Still another object of the present invention is to provide an anode for use in a tantalum capacitor of particular geometrical shape adapted for use over a desired frequency range, the anode improving the alternating current characteristics of the tantalum capacitor.

Another object of the present invention is to provide a new type of tantalum capacitor embodying the constructional features of lan improved anode exhibiting greatly improved alternating current characteristics.

Yet another object of the present invention is to provide a tantalum capacitor with an improved dissipation factor over a wide range of frequencies and over a Wide range of temperatures.

Still another object of the present invention is to provide a tantalum capacitor with unique anode design with improved electrical characteristics.

The invention, in another of its aspects, relates to novel features of the instrumentalities describedherein for teaching the principal object of the invention and to the novel principles employed in the instrumentalities whether or not these features and principles maybe used in the said object and/or in the said lield. i

Other objects of the invention and the nature thereof will become apparent from the following description considered in conjunction with the accompanying figures of the drawing wherein like reference characters describe elements of similar function and wherein the scope of the invention is determined from the appended claims..

For illustrative purposes the invention will be described in conjunction with the accompanying drawings in which:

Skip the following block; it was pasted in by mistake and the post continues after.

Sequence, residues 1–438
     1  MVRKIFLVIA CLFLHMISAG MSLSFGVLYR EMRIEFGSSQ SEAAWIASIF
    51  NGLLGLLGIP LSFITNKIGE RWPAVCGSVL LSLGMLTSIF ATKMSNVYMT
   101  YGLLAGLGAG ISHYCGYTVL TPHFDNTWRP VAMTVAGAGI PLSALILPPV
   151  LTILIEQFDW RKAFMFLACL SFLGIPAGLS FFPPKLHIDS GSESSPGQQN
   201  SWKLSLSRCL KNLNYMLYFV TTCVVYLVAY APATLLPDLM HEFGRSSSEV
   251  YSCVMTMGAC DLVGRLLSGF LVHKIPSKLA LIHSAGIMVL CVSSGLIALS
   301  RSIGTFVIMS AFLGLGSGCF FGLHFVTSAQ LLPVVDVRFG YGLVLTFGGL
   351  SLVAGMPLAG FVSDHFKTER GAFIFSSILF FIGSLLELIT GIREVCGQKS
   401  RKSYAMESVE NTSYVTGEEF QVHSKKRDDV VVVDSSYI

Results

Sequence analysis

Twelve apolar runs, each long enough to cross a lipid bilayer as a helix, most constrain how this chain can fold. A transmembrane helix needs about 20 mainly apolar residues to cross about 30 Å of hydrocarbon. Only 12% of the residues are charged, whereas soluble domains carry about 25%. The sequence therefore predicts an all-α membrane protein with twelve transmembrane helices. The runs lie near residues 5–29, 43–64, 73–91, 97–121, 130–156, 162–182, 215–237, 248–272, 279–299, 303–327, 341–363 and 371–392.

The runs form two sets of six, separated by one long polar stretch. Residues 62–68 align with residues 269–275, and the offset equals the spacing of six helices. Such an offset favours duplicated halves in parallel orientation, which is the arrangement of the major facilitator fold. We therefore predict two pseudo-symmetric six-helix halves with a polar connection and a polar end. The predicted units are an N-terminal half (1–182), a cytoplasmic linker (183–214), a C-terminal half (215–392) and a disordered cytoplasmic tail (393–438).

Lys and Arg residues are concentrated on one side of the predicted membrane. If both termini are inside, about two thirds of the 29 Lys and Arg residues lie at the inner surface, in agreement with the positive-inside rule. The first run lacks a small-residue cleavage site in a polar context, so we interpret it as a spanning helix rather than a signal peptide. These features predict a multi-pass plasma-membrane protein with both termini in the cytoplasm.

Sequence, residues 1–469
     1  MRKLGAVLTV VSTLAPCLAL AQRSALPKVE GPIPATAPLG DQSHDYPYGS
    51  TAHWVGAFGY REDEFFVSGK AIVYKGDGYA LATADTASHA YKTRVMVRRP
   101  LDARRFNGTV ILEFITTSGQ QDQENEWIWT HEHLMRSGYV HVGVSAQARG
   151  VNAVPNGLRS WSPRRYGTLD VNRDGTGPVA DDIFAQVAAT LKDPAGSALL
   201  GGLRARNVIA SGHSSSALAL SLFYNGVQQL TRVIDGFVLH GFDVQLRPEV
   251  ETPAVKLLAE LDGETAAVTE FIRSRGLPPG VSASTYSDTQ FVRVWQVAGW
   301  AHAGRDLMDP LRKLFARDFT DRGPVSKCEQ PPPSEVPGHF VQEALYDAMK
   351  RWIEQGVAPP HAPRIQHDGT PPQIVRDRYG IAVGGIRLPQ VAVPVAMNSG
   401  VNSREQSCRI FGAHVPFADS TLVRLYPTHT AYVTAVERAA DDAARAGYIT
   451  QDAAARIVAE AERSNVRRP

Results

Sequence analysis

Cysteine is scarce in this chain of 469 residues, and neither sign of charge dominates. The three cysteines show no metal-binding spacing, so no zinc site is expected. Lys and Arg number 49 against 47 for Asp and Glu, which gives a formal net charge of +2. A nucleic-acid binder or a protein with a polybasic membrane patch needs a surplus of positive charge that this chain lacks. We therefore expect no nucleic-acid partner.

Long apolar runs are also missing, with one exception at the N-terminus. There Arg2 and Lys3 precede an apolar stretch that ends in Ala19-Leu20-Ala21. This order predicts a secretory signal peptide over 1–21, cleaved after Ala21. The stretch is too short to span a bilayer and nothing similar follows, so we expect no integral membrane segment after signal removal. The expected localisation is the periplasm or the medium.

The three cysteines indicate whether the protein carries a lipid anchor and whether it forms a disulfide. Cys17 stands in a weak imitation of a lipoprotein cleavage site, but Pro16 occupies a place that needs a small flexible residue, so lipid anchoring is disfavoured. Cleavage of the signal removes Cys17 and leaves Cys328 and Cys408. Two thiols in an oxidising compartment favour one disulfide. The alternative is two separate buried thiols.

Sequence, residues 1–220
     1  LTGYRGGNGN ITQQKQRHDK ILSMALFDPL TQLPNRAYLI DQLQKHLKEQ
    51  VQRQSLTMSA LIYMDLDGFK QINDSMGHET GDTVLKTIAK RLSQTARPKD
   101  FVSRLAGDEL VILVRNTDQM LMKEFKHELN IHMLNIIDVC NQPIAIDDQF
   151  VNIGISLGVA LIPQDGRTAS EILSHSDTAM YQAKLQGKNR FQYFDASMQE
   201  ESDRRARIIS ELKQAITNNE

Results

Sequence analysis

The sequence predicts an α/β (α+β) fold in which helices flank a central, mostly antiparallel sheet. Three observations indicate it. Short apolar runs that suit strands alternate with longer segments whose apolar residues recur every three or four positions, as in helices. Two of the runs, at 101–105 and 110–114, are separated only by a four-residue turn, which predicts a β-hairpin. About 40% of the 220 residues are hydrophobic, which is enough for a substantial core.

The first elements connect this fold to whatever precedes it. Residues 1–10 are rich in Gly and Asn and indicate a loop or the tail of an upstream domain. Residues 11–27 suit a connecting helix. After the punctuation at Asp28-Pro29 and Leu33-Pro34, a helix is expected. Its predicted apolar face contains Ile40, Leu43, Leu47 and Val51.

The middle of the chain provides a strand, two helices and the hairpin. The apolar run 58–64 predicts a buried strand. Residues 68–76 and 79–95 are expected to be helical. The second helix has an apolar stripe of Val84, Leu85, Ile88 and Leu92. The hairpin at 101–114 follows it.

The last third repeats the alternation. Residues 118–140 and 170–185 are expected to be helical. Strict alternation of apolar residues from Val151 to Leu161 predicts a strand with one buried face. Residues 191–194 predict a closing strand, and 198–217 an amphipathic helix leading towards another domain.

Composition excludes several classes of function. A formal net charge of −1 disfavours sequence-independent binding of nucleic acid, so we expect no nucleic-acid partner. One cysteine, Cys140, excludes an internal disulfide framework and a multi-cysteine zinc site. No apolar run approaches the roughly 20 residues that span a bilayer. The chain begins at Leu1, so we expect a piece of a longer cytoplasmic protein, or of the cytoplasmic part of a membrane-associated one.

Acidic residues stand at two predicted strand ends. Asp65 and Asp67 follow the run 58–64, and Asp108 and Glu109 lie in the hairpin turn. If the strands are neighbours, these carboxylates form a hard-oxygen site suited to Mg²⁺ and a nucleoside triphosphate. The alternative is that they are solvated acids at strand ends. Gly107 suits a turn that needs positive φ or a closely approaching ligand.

FIGURES la to lh are perspective views of various tantalum anodes according to this invention.

' FIGURE 2 is a graph illustrating the variation of effective capacitance over a range of temperatures at a particular frequency. Y

FIGURE 3 is a graph showing the variation of effective capacitance over a range of frequencies at a particular temperature.

FIGURE 4 is a graph showing the variation in dissipation factor over a range of frequencies at a particular temperature.

FIGURE 5 is a graph illustrating the variation of effective capacitance with a, where is a dimension less parameter related to the geometry of the anode and proportional to the capacitance per unit volume, the electrolyte resistivity, and the measuring frequency.

FIGURE 6 is a graph showing the variation in dissipation factor over a range of temperature at a particular frequency.

Generally speaking, the present invention describes a novel anode for a tantalum capacitor which permits the construction of a capacitor having superior electrical characteristics when said capacitor is used in the audio frequency range and used at various temperatures. The anode of the present invention is a porous matrix of tantalum having a dielectric film formed thereon. Said anode is designed in such a' manner as to reduced to a minimum the distance between any point within the anode and an external surface where contact to the electrolyte may be provided. In this way the effects of electrolyte resistance within the anode are minimized, resulting in an improved dissipation factor and a greater stability of capacitance over a wide range of frequencies and of temperatures.